The Art of Starving

Sam J. Miller
  • Review
By – July 5, 2018

Sam J. Miller uses the first per­son and descrip­tive writ­ing to pull the read­er into the life of teenaged Matt, an angst-filled nail-biter deny­ing him­self food — while also hun­gry for love and a friend. Matt is on the trail of a crime he is try­ing to solve. Starv­ing him­self height­ens his sense of smell, hear­ing, and dan­ger. The read­er won­ders if this tac­tic will real­ly help Matt solve the crime and his oth­er prob­lems, but nei­ther Matt nor the read­er are even sure what the crime real­ly is.

Each chap­ter is sim­i­lar­ly struc­tured, start­ing with rules about not eat­ing, and the num­ber of calo­ries Matt has con­sumed that day. Some­times it is about 1,000 — about half of a nor­mal diet, and quite harm­ful. That small fact cre­ates a sense of dan­ger for the read­er. There are also days of zero calo­ries. One slow­ly sur­mis­es that Matt is a neglect­ed teen with a miss­ing father and sis­ter, though his kitchen is full of food. By the book’s mid­point, Matt is slow­ly killing him­self in exchange for hoped-for super­pow­ers. Each cri­sis is a cliffhang­er: Will Matt fig­ure things out? Will he get bet­ter? Will he find friend­ship? Will he ever feel com­fort­able with himself?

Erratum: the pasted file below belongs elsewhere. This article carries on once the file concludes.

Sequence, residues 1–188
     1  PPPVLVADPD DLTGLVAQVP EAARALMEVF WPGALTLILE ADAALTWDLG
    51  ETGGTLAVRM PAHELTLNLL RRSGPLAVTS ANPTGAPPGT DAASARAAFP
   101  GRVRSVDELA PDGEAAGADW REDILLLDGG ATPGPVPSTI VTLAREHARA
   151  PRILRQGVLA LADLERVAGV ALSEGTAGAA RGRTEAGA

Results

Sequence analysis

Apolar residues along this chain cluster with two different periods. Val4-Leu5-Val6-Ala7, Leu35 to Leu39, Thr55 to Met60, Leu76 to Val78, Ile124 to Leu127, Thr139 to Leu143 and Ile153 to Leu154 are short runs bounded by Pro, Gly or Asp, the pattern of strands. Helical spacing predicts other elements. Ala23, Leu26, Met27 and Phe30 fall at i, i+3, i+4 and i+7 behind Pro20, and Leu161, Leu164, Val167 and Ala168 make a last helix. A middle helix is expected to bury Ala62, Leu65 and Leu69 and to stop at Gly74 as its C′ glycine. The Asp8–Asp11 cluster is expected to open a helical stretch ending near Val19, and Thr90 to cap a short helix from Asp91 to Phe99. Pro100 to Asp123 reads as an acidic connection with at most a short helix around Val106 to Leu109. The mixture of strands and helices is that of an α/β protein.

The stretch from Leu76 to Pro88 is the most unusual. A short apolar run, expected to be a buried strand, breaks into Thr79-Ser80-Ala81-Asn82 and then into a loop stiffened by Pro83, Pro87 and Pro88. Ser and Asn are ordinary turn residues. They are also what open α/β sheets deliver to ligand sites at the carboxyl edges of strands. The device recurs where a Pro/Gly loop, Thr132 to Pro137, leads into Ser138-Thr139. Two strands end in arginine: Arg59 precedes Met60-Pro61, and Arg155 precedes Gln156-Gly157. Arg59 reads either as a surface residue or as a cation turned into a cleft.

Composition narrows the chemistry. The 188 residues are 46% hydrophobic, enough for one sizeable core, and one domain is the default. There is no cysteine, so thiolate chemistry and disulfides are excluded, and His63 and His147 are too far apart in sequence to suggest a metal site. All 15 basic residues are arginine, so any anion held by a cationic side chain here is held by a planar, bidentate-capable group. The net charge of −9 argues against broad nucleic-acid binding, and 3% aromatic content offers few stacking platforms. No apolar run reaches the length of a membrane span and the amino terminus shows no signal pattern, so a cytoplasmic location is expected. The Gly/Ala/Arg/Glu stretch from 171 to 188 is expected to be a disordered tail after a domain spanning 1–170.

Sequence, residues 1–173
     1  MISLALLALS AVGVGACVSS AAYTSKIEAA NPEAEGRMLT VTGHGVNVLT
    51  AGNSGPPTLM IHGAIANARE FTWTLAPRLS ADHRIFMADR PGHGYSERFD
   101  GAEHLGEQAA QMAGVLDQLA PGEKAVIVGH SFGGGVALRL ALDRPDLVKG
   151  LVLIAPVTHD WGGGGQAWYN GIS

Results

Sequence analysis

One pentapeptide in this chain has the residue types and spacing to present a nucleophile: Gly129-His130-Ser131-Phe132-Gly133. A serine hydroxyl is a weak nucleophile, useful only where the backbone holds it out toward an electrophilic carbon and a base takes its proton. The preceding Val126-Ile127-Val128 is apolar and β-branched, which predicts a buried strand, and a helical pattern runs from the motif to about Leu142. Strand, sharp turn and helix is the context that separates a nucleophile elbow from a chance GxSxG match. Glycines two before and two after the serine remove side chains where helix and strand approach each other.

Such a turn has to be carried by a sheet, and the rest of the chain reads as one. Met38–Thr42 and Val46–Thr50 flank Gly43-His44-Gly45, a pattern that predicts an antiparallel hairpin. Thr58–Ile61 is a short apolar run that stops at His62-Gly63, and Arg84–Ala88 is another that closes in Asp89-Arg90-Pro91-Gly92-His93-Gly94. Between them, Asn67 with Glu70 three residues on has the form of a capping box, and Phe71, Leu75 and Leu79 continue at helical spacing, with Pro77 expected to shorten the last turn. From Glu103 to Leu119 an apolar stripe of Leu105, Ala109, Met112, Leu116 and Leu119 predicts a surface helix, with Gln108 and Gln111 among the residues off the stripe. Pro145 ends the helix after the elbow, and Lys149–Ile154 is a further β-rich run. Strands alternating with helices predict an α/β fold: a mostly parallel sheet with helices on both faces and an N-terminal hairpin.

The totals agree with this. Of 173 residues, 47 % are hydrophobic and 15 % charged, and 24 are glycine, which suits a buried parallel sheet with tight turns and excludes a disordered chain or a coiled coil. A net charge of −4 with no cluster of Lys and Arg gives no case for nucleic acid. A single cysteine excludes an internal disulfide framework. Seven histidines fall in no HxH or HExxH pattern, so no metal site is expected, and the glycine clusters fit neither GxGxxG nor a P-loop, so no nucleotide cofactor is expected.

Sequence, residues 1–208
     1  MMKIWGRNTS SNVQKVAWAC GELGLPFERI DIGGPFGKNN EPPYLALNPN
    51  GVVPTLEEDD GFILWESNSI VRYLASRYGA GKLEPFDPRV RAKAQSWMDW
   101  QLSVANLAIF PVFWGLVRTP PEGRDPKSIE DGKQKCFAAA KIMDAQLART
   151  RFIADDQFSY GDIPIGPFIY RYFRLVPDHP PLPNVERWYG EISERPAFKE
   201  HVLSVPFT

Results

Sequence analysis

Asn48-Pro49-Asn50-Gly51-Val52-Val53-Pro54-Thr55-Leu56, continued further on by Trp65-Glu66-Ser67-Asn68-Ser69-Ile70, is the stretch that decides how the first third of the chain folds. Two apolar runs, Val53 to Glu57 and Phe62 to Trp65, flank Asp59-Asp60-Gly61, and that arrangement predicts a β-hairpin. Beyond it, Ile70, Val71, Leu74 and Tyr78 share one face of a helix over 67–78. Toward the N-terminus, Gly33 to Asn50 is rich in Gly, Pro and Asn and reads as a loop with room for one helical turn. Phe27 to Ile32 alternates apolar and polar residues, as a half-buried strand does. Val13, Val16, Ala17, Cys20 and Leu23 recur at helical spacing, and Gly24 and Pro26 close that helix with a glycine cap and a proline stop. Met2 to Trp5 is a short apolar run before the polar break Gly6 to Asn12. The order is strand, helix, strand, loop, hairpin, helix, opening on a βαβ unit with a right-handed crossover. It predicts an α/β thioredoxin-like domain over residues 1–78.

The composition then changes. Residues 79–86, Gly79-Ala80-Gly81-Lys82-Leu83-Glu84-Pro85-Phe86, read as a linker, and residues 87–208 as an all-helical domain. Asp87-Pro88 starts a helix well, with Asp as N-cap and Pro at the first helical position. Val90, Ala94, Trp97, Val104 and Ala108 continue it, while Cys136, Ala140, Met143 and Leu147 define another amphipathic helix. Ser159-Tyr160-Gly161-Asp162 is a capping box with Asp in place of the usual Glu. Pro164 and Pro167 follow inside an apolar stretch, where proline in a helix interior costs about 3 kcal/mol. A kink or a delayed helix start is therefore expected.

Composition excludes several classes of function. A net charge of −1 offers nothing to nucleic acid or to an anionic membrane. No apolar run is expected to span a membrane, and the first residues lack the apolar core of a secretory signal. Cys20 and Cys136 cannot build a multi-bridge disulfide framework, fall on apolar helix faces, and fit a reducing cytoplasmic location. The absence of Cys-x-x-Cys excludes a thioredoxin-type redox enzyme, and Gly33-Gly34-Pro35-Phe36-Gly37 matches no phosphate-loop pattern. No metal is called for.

The nov­el doesn’t shy away from con­tro­ver­sy and prob­lems. It is full of teens curs­ing, smok­ing, run­ning away, and explor­ing their sex­u­al­i­ty and sex­u­al ori­en­ta­tions. There is also homo­pho­bia and bul­ly­ing. In terms of Jew­ish con­tent, Matt is Jew­ish but not obser­vant. The text presents vex­ing jux­ta­po­si­tions: the com­plex char­ac­ters’ con­nec­tion to their reli­gion is light, as they rel­ish eat­ing bacon and pork lo mein. Matt’s miss­ing father is a Jew­ish Bud­dhist who works on a lob­ster boat, and his moth­er works in a slaugh­ter­house that kills pigs. She goes to syn­a­gogue to get drunk. Matt’s friend Tariq is a wealthy Arab whose fam­i­ly sell[s] Christ­mas trees to infi­dels.” Matt and his fam­i­ly do not seem to have any real con­nec­tion to a Jew­ish community.

The stronger issue is Matt’s fit­ting in, with his Jew­ish­ness act­ing as a nod to his out­sider sta­tus. The nov­el explores the issue of kids dis­ap­point­ing their par­ents, par­ents dis­ap­point­ing their kids, and the dynam­ics of sib­ling rela­tion­ships. Matt’s moth­er is described as a ter­ri­fy­ing force of nature who’s also frag­ile. The read­er help­less­ly fol­lows Matt’s jour­ney, won­der­ing if he could solve his prob­lems by talk­ing about them. Is his absent father the issue, or does his absence allow Matt to break out of the mas­culin­i­ty prison”? His voice is mature at times, but he is also alone as he describes his con­trol issues. Read­ers will stay with the tale, as ques­tions remain until the very end.

Rec­om­mend­ed for ages 14 to 18.

Discussion Questions